Ashleigh Barty Retirement: World No. 1 announces her retirement from professional tennis

“Today is difficult and full of emotions for me as I announce my retirement from tennis,” the 25-year-old Australian said in the caption to an Instagram post on Wednesday.

“I am so grateful for all that this sport has given me and I feel proud and satisfied. Thanks to everyone who has supported me along the way, I will always be grateful for the lifelong memories we have created together.”

The post featured a video filmed with retired Australian tennis player Casey Dellacqua in which Barty further explains his decision.

“There was a change of perspective in me in the second phase of my career that my happiness was not dependent on the results and success for me is knowing that I have given absolutely everything I can,” she said.

“I know how much work it takes to get the best out of yourself. I’ve said it to my team several times, I just do not have it in me anymore. I do not have the physical drive, the emotional desires, and everything. “what it takes to challenge yourself to the very top of the level anymore and I just know I’m used to it. I just know physically I have nothing more to give. It’s a success for me.”

She added that she had been thinking about retiring for “a long time” and the decision was cemented after winning Wimbledon last year and the Australian Open this year. These victories were “my perfect way to celebrate what an amazing journey my tennis career has been,” she said.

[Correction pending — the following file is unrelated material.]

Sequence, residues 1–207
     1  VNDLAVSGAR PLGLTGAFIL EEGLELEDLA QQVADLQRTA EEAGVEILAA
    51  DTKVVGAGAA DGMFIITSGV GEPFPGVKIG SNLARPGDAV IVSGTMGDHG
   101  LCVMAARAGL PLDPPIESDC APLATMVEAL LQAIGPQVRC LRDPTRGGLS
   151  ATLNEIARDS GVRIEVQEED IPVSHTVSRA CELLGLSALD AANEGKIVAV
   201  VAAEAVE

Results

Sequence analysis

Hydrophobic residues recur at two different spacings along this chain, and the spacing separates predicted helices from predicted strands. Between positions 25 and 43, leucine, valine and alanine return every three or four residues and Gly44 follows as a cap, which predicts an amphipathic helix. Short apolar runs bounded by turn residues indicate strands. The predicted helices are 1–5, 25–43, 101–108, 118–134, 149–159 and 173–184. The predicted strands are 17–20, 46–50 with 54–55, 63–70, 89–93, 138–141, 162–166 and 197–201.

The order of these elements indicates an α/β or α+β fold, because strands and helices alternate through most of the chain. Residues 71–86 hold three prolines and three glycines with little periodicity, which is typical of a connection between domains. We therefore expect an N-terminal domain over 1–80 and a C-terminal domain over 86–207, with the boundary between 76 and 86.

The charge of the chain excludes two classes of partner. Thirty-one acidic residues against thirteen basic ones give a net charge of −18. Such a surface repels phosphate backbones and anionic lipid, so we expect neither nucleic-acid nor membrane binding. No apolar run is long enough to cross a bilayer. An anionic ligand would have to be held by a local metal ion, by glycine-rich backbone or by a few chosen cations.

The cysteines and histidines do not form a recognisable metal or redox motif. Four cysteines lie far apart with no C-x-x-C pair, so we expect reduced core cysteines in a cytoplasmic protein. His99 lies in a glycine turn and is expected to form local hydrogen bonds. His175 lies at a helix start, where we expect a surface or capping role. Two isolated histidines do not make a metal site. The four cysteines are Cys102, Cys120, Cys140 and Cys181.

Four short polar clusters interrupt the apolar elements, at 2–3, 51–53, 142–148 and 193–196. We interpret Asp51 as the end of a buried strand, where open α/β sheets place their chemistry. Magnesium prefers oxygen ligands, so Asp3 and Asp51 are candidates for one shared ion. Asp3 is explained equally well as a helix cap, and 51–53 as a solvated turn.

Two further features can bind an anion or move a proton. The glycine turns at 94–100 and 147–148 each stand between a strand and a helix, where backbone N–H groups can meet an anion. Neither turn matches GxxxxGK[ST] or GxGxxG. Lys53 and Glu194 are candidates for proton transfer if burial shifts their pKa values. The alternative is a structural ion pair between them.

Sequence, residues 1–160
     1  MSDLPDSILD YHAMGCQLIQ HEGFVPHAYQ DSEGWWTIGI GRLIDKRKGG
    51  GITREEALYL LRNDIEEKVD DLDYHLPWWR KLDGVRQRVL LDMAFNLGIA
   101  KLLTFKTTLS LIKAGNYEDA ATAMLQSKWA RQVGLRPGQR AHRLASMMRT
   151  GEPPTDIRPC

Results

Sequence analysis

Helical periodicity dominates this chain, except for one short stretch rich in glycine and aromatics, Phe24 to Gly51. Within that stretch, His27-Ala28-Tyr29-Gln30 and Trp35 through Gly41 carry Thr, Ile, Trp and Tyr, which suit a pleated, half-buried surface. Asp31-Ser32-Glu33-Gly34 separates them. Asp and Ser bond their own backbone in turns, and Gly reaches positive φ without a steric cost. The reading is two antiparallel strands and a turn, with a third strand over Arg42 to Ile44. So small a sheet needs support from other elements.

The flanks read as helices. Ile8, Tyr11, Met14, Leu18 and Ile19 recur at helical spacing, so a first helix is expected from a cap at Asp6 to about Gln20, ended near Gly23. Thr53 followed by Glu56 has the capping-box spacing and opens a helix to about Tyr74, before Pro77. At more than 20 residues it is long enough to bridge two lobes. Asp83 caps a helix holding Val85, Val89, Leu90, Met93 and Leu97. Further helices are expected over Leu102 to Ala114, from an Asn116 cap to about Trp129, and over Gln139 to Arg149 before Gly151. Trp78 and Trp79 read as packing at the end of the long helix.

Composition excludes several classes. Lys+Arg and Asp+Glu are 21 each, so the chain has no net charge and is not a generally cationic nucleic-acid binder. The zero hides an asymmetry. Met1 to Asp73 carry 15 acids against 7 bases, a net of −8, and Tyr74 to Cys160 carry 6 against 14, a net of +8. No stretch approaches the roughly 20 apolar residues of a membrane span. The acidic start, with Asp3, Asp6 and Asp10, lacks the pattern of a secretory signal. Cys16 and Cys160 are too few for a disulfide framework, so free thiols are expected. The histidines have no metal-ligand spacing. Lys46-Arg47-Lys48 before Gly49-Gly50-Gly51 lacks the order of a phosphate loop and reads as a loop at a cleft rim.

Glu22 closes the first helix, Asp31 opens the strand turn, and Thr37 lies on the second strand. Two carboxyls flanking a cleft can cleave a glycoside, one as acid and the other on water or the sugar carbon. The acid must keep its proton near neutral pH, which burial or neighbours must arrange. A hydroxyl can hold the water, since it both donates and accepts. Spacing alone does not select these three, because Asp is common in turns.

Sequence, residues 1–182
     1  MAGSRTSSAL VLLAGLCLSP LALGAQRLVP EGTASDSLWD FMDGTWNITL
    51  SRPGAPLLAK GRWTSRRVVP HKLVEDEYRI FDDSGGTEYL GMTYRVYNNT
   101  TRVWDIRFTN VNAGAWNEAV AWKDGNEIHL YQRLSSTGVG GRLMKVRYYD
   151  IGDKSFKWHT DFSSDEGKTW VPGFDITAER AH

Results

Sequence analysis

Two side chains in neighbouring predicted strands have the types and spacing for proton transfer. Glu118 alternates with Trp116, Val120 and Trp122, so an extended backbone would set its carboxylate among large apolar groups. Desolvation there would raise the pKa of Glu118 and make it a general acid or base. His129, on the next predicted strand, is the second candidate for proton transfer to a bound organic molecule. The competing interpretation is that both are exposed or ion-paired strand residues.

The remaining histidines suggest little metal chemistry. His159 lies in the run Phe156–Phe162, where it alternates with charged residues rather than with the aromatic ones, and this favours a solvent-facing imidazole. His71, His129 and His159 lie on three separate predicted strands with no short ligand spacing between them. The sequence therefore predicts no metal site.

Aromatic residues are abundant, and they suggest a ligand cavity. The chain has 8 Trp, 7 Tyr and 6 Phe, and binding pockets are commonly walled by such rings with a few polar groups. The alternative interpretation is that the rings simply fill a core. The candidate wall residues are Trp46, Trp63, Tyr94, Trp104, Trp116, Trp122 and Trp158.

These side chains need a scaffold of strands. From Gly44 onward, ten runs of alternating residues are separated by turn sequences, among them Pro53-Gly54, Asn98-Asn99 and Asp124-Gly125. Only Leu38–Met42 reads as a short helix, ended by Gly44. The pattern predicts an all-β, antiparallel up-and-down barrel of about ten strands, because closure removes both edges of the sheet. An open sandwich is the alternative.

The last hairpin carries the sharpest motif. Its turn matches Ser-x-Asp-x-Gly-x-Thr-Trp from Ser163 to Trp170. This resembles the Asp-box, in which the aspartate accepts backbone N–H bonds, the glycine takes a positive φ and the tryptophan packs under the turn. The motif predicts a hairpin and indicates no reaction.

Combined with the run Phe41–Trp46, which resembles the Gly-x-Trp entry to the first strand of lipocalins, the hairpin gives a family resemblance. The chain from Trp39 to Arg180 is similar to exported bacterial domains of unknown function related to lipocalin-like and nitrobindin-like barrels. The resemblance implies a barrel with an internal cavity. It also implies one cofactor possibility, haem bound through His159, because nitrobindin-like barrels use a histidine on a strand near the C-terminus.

The decision was difficult but felt right, she said. “Ash Barty, the person, has so many dreams that she would like to pursue that do not necessarily involve traveling the world, being away from my family, being away from my home, which is where I have always wanted to be . “

Ashleigh Barty beats Danielle Collins to become the first Australian Open singles champion since 1978
The Women’s Tennis Association (WTA) confirmed her retirement in a press release.

“Ashleigh Barty with her distinctive backhand, complemented by being the ultimate competitor, has always set a good example through the unwavering professionalism and sportsmanship she added to every match,” said WTA President and CEO Steve Simon in the announcement.

“With her performances at the Grand Slams, WTA Finals and reaching the top position as No. 1 in the world, she has clearly established herself as one of the great champions of the WTA.”

Barty has won three major singles titles – 2019 French Open, 2021 Wimbledon and 2022 Australian Open. In total, she has won 15 singles titles and 12 doubles titles on the WTA Tour, and was the first Australian to win the Australian Open singles title since 1978.

She is only the second reigning world No. 1 in the women’s fight to retire at the top, after Justine Henin, who retired in 2008.

Barty, who started his professional tennis career in 2010, took a break from the sport from 2014 to 2016 and said “it was too much too fast,” according to the WTA release. Only 18 at the time, she wanted to “experience life as a normal teenage girl,” she said.

She returned to full-time tennis in 2017 – and continued to dominate the sport, winning 25 of her last 26 matches.

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